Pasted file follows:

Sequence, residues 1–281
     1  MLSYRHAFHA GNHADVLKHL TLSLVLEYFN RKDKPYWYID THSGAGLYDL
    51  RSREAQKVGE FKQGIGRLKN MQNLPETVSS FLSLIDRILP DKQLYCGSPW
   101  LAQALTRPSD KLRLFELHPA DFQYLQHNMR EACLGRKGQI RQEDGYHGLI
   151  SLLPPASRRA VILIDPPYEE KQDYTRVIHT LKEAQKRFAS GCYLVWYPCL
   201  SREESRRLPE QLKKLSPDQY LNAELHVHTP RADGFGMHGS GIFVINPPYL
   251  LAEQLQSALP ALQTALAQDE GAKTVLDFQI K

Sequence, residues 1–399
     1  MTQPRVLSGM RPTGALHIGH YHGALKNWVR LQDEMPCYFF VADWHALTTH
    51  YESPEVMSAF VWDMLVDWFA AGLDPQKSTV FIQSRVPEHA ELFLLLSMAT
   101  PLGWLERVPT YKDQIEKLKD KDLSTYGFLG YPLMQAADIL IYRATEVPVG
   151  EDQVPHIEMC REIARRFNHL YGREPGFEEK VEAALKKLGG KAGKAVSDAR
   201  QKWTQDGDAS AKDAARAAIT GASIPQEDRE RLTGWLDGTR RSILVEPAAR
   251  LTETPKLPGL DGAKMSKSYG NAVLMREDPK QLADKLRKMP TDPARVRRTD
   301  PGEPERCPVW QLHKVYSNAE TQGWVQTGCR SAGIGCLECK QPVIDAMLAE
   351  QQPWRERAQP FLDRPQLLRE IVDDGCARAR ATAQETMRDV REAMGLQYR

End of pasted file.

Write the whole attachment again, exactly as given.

Sequence, residues 1–281
     1  MLSYRHAFHA GNHADVLKHL TLSLVLEYFN RKDKPYWYID THSGAGLYDL
    51  RSREAQKVGE FKQGIGRLKN MQNLPETVSS FLSLIDRILP DKQLYCGSPW
   101  LAQALTRPSD KLRLFELHPA DFQYLQHNMR EACLGRKGQI RQEDGYHGLI
   151  SLLPPASRRA VILIDPPYEE KQDYTRVIHT LKEAQKRFAS GCYLVWYPCL
   201  SREESRRLPE QLKKLSPDQY LNAELHVHTP RADGFGMHGS GIFVINPPYL
   251  LAEQLQSALP ALQTALAQDE GAKTVLDFQI K

Sequence, residues 1–399
     1  MTQPRVLSGM RPTGALHIGH YHGALKNWVR LQDEMPCYFF VADWHALTTH
    51  YESPEVMSAF VWDMLVDWFA AGLDPQKSTV FIQSRVPEHA ELFLLLSMAT
   101  PLGWLERVPT YKDQIEKLKD KDLSTYGFLG YPLMQAADIL IYRATEVPVG
   151  EDQVPHIEMC REIARRFNHL YGREPGFEEK VEAALKKLGG KAGKAVSDAR
   201  QKWTQDGDAS AKDAARAAIT GASIPQEDRE RLTGWLDGTR RSILVEPAAR
   251  LTETPKLPGL DGAKMSKSYG NAVLMREDPK QLADKLRKMP TDPARVRRTD
   301  PGEPERCPVW QLHKVYSNAE TQGWVQTGCR SAGIGCLECK QPVIDAMLAE
   351  QQPWRERAQP FLDRPQLLRE IVDDGCARAR ATAQETMRDV REAMGLQYR